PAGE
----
I know what you mean, Monica. I am just past 50 and since 38 or so the waist has expanded gradually. I am still in the same clothes, but they do fit differently. I think as we age we have to accept that we will expand a bit (unless you have won the genetic jackpot – e.g. Elle McPherson) but we shouldn’t accept feeling unfit. Which you don’t. Quite the opposite. I am a great believer in listening to one’s body and adjusting along the way. For awhile I was vegan but I added fish when I became pregnant and found I had LOADS more energy than I did as a vegan. Other people feel that surge and wellness with raw, or higher protein, etc. We gravitate towards what our body needs but often we are socialised into fighting it (fads, celeb stuff, blah blah), to our detriment. Fads come and go but you only have one body. Listen to it. Take sound advice of course, study too. But at the end of the day your intuition as to what makes your mind and body tick is the most important thing. It sounds like you are doing just that. In my weight management classes (for post-cancer treatment) we don’t promote a one size fits all approach, and by personalising and really paying attention to energy, digestion and tastes/textures we’ve had some amazing ‘successes’ (however that is defined) in the short and long-term. You are right about the psychology of it all. Often that is the biggest barrier to being where you want to be. PS I think you look fab. But you have to be comfortable with yourself, no matter what others think.

    Reply
    1. Monica Post author

      Thank you for the warning, Kellie. ;) But seriously, what a thoughtful response. Interesting, I had a similar experience with eating fish – I feel so much better for it. But intuition is telling me that something is still off kilter and I’m trying to figure out what the something is. So, trial and error. And also, as you say, acceptance – I’m still working on that one too.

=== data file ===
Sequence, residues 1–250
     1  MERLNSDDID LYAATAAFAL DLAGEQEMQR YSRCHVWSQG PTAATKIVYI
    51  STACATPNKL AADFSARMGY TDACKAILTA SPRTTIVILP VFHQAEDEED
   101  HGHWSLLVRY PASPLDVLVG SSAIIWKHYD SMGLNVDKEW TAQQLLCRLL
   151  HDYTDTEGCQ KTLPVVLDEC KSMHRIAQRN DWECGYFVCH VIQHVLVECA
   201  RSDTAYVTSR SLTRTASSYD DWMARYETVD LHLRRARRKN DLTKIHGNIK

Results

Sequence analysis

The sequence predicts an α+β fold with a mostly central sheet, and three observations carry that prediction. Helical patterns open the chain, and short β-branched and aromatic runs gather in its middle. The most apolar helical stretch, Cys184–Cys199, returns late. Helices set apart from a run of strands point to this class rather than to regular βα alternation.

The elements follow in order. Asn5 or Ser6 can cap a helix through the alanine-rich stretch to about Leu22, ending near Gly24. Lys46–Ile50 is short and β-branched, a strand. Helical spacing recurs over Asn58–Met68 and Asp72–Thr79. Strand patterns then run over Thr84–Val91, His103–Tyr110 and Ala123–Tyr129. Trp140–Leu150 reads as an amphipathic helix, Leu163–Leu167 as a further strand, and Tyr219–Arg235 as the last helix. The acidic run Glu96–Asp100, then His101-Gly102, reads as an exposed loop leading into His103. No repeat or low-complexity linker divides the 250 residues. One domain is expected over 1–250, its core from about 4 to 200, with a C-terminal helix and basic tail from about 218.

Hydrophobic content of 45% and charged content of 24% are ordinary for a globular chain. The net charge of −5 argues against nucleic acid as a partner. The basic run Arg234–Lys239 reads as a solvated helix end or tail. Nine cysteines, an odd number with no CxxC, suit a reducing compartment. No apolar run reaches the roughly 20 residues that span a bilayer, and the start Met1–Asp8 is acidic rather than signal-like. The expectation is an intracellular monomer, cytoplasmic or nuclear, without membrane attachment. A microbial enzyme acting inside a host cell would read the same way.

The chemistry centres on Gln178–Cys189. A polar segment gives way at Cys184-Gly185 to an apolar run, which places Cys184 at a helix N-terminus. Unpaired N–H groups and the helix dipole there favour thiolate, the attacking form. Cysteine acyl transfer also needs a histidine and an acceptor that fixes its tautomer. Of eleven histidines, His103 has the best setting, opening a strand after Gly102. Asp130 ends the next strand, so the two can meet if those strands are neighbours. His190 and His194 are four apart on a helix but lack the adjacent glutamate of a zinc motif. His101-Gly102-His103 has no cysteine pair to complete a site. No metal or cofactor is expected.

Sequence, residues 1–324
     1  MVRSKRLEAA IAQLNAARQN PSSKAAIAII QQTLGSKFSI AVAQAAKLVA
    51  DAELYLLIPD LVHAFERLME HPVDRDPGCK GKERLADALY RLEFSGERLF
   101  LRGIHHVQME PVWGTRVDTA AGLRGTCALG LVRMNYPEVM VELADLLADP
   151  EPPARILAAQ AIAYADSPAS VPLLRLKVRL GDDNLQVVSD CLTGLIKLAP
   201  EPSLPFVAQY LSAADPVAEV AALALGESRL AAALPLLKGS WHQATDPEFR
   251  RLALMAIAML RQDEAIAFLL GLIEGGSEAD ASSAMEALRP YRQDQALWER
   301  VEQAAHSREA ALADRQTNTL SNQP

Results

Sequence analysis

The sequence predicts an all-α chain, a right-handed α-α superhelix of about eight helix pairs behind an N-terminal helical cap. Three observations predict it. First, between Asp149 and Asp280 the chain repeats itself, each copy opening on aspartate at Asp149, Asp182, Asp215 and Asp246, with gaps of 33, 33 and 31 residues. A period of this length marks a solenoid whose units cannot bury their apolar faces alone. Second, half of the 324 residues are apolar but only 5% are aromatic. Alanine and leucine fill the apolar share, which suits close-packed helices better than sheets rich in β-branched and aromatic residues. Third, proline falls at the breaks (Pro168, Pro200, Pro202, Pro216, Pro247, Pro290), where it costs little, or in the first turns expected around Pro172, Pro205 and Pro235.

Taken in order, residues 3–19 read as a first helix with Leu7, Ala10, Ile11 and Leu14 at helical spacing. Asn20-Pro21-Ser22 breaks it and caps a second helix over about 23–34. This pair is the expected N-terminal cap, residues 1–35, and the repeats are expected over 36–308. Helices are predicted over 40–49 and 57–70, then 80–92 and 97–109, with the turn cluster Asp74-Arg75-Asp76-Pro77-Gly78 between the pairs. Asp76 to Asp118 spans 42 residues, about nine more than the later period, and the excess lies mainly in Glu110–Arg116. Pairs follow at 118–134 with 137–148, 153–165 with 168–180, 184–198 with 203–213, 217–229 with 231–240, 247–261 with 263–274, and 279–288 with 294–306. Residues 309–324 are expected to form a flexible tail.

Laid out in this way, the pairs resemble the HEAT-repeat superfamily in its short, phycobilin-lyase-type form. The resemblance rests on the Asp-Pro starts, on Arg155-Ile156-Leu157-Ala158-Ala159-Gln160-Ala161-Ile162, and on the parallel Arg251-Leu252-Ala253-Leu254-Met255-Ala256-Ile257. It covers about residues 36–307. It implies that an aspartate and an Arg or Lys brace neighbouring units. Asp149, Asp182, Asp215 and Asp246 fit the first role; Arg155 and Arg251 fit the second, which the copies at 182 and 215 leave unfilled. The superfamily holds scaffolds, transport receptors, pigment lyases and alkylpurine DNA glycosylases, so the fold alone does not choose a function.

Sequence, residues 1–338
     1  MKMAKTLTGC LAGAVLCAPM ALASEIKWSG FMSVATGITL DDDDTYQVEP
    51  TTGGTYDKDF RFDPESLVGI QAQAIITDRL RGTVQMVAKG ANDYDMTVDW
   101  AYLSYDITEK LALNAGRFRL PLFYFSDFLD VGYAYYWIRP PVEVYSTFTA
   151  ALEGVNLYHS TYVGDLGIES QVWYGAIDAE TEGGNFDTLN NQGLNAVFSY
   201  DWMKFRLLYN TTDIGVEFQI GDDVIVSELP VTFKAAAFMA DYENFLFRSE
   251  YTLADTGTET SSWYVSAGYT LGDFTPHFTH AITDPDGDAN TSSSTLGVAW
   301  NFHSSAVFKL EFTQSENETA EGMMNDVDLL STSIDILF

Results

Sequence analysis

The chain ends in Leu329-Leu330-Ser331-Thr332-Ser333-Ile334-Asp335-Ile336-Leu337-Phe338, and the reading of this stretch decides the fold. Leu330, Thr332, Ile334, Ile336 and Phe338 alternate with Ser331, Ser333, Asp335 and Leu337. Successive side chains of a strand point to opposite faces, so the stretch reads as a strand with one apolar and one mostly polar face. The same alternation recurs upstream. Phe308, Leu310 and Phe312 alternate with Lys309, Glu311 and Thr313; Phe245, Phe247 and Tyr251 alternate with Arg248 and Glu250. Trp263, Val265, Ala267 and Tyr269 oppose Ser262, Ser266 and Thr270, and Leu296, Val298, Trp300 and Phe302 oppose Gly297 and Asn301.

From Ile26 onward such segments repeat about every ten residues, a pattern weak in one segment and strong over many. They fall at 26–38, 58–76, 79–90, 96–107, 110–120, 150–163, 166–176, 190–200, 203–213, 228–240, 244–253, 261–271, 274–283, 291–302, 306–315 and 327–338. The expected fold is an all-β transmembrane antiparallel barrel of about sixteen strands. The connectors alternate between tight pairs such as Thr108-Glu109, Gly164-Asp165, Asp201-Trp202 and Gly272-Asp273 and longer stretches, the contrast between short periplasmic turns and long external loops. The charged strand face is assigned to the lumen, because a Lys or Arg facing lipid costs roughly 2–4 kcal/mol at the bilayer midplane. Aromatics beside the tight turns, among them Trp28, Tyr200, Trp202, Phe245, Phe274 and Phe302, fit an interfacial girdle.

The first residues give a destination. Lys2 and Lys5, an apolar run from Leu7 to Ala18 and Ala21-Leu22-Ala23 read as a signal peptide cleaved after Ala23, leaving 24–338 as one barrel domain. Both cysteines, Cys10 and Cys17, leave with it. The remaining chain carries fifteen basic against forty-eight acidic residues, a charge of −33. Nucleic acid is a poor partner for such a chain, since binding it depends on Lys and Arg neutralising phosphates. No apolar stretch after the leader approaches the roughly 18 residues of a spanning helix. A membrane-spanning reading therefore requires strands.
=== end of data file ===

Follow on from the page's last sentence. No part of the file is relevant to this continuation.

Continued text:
Reply
  4. Jes

    “But the real success is actually in the process. I am thinking about my situation, analyzing it, and doing something about it: boom, I am successful. Achieving the goal is just bonus.”

    YES YES YES YES

    Also, thank god you aren’t giving up avocados :) That’d be heartbreak there.

    I’m a huge fan of looking at everything as a journey (though I fail at visualizing it completely and actually focusing on each little step) and I wish that were more of the mantra in healthy eating, exercising, etc. Great post on the struggles & the journey, and, heck, you’re waaaay ahead of me of actually following through with plans!

    Reply
  5. Jacqueline Meldrum

    I really need to do something too. I put weight on in the winter and never really got back in the way of doing my 5:2 diet again properly. I think what I am ging to do is start writing down what I eat everyday and try to get out walking more. Thanks for including my recipe.

    Reply